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In pipeline deal, analysts see another step by Southern to diversify

Analystscharacterized SouthernCo.'s deal to purchase half of a southeast natural gas pipelinesystem from Kinder MorganInc. as Southern's latest step toward growing its nonutilitybusiness through both regulated and renewable energy acquisitions.

Thecompanies announced adeal July 10 for Southern to become an equal partner on KinderMorgan's Southern Natural Gas Co.LLC for $1.47 billion. For Southern, the deal will allow greateraccess to natural gas at a time when the utility giant is increasing itsreliance upon the fuel and burning less coal. For Kinder Morgan, a way to slash debtand improve its balance sheet, with the aim of .

Thedeal also comes on the heels of a week where Southern announced the separatesolar generation projects in three different regions of the U.S. and 11 daysafter Southern announced theclosure of its $12 billion merger with AGL Resources.

CreditSightsanalyst Andy DeVries does not anticipate the additional $180 million of EBITDAacquired through the deal to have much of an earnings impact on Southern,compared to its expected $7.1 billion of EBITDA in 2016. He noted the $1.5billion purchase price for a 50% stake implies a $3 billion equity value and$4.2 billion enterprise value, which amounts to an enterprise value-to-EBITDAratio of 11.6x. "We think [Southern] is getting a good deal as wewould expect pure-play FERC regulated pipelines to trade closer to 12-14x inthis market," DeVries wrote.

He likened the deal to Consolidated Edison Inc.'s move to in a withCrestwood Equity PartnersLP as both cases represent electric utilities expanding intonatural gas. DeVries suggested these acquisitions are driven, in part, by theprospect of rooftop and utility-scale solar encroaching on the core electricdistribution business of utilities, even if that prospect may be as far away asa decade. "This is mostly an equity issue as we see regulators eventuallyquestioning how a dividend stream can keep growing every year while totaldeliveries are flat/down over the long-term," he wrote.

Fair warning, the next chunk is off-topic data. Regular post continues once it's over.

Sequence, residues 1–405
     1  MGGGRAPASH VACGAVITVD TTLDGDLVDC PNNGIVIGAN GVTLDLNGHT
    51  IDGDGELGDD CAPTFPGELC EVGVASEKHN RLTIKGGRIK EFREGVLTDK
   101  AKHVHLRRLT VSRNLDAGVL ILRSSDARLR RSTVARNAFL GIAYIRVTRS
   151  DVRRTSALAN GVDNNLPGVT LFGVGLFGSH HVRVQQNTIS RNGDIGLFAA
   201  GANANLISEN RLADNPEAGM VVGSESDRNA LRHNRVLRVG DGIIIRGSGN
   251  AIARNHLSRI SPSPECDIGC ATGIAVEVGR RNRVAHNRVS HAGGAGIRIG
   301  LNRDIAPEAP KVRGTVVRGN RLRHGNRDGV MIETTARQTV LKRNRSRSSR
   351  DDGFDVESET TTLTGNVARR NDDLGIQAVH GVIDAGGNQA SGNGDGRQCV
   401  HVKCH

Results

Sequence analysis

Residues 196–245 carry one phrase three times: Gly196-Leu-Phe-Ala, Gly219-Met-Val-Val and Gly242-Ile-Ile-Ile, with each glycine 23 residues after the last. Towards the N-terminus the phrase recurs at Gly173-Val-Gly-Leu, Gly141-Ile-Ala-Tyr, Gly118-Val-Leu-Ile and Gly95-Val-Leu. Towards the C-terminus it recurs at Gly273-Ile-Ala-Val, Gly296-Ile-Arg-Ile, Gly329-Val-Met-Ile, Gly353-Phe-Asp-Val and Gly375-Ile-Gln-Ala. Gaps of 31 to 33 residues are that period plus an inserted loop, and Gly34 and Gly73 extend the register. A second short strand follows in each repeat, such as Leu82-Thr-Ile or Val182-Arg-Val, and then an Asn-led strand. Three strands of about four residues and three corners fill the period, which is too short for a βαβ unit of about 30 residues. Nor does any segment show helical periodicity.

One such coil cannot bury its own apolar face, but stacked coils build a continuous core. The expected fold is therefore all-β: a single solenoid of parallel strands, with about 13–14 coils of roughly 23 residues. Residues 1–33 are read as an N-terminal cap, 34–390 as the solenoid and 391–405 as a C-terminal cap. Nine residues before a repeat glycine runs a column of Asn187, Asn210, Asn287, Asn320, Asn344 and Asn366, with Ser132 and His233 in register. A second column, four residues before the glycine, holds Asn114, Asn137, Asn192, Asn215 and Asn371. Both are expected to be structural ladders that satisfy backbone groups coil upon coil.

Jefferies analyst Anthony Crowdell described the deal as"break-even to slightly accretive" for Southern, forecasting 0 to 1cent of accretion, assuming Southern finances the acquisition through equalparts equity and debt. Jefferies noted net income by Southern Natural Gas hasvaried between $405 million and $394 million, highlighting a stability thatfits well with Southern's regulated asset base. "This acquisitioncontinues on the trend of the large-cap regulated utilities utilizing theirsignificant cost of capital advantage to acquire 'regulated-type' assets fromdistressed sellers," Crowdell wrote. "We have seen transactionsinvolving renewables and midstream assets and expect it to continue."Jefferies rates Southern "hold" with a $50 price target.

SunTrust Robinson Humphrey calculated the deal would be 3cents accretive to Southern EPS from 2017 onward and left its rating forSouthern at "neutral." That analysis is based on Southern financingthe deal with 56% debt and 44% equity and other assumptions.